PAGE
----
We conducted five univariate sensitivity analyses: (1) we reduced the tax pass-through effect from 100% to 60%; (2) we altered sugar content as the producers of SSB may reduce the sugar content in response to the tax; (3) for determining CHE cases we used two different thresholds (5 and 40%) in place of the 10% threshold used in the base case; (4) we varied the utilisation for health services for each quintile; (5) instead of using the average wages by income quintile, we calculated the indirect costs using the recently approved minimum wage in SA of ZAR20 per hour.61
The pass-through rate could be different over time, across the type and location of retail stores and across countries. Evidence from SA shows that for taxes on beer, the pass-through rate of taxes to retail prices was greater than 100%.25 For SSBs, one study from Berkeley (USA) showed that in the first month the prices of SSBs increased by 61% and in the second month they increased by 93% in the retail stores that had to implement the tax due to their geographical location.23 Thus, to observe the short-term impact, we used the estimate for the pass-through effect in the shortest observed duration (60% over first month) in our sensitivity analysis. The producers may reduce the SSB sugar content and we considered two scenarios: reductions of sugar content by 10 and 20%, respectively. Reduction in sugar content will also reduce the quantum of price increase per litre of SSB as the tax is imposed on the quantity of sugar per litre of SSB. We assumed that benefits from this reduction in sugar content would be derived entirely from reduction in sugar intake and its energy conversion and not through reduction in consumption due to change in taste of SSB with lower sugar content.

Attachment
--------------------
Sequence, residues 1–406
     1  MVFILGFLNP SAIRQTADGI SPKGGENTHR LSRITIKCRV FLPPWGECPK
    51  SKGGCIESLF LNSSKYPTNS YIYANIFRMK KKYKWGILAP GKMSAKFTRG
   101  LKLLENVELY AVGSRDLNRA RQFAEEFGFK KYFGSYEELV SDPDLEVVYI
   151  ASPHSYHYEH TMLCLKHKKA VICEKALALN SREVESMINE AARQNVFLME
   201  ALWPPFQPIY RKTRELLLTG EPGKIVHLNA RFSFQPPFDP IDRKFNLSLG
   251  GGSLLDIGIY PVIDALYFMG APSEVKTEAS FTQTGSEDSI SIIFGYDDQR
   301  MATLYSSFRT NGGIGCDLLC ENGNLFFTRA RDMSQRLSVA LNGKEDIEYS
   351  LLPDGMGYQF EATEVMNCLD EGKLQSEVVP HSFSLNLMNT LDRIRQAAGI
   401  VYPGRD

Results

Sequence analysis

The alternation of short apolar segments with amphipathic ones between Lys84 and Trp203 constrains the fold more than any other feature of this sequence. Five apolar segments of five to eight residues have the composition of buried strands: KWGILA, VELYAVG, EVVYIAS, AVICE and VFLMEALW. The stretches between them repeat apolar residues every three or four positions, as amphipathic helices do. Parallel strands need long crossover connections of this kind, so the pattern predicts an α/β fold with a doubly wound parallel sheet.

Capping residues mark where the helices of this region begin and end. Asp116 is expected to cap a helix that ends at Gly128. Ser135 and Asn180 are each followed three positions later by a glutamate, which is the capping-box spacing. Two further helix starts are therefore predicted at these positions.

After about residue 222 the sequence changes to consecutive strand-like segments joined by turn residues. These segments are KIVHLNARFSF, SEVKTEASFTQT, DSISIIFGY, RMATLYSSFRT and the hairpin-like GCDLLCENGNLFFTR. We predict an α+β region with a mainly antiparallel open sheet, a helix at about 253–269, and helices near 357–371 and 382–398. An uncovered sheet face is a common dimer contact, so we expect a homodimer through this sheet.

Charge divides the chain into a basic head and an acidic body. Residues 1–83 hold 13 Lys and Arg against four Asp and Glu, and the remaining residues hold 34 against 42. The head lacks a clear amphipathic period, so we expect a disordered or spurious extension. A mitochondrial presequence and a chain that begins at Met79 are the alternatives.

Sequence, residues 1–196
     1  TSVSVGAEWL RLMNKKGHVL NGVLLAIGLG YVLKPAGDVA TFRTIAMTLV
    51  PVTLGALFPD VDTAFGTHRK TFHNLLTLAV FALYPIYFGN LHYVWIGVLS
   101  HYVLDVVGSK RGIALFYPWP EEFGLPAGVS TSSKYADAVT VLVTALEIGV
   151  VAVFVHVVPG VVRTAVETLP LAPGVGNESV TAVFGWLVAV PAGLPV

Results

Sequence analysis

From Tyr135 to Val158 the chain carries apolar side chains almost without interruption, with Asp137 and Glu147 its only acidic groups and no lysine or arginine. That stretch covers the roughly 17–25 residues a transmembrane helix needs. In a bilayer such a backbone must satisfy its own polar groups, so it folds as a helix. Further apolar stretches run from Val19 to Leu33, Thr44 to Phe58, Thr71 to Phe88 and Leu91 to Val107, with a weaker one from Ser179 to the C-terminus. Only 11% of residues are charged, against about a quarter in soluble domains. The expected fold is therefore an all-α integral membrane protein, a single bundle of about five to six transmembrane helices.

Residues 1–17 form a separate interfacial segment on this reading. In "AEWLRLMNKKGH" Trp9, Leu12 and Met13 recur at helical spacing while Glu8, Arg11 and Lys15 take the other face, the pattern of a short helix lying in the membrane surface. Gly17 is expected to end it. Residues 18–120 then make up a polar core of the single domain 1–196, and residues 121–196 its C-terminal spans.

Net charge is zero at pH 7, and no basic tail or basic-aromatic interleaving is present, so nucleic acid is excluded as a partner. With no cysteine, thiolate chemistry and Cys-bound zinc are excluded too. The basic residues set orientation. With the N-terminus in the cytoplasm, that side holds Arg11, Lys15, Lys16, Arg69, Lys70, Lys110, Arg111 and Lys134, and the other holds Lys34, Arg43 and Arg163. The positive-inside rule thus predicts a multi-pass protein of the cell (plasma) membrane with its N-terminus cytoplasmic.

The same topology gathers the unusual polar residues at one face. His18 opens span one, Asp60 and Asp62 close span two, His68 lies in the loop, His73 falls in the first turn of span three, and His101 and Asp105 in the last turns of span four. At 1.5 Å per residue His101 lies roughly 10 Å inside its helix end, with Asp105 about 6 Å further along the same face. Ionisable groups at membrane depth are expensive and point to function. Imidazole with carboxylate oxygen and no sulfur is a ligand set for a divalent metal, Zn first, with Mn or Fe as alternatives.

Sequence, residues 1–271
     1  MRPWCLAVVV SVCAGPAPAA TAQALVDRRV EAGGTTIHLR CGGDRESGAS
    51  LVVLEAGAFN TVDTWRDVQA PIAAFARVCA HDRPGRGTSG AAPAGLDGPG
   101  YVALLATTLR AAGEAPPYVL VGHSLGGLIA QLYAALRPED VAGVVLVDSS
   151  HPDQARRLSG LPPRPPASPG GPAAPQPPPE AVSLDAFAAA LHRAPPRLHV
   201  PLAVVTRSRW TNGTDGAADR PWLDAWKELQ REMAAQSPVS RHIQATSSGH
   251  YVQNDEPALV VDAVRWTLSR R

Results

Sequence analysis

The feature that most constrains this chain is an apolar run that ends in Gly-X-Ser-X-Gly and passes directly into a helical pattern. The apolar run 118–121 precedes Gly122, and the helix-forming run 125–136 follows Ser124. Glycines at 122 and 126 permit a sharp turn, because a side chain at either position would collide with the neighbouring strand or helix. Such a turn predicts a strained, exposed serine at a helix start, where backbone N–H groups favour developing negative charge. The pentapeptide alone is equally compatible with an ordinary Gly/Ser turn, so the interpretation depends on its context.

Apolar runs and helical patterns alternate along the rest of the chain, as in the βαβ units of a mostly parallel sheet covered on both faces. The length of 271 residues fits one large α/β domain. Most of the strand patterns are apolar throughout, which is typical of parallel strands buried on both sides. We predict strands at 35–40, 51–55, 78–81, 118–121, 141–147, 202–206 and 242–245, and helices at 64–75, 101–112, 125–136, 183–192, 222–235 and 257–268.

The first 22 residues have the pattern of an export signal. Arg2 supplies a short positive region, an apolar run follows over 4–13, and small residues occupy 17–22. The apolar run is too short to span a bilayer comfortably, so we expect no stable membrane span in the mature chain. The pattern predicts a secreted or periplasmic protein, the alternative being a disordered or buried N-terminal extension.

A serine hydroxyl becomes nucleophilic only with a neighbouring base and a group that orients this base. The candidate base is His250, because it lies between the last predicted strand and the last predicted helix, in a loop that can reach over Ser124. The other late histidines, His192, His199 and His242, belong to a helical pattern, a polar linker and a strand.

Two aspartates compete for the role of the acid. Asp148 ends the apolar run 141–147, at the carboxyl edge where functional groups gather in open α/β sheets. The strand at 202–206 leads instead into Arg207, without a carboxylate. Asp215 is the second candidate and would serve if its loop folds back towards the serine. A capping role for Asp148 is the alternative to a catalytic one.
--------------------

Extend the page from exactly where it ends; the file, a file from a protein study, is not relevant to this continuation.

For utilisation, we adopted a traditional measure of health services utilisation by calculating the percentage of individuals who reported being ill (with any disease condition) that had accessed health services in the past 30 days (see online supplementary appendix table A2). The mean utilisation was 60% with lowest utilisation of 53% in the bottom quintile and highest utilisation of 70% in the top quintile. The last sensitivity analysis of using minimum wage across all quintiles instead of average wage in each quintile provided an estimation of the T2DM economic burden as a function of LFPR and T2DM incidence by quintile, and avoided ascribing more value to individuals with higher wages.
Patient and public involvement
No patients were involved in this study.
We present our findings by income quintile on: the number of T2DM-related premature deaths averted, the reduction in OOP payments, the additional tax revenues collected by the government, the cases of CHE averted and the savings in indirect costs (table 3).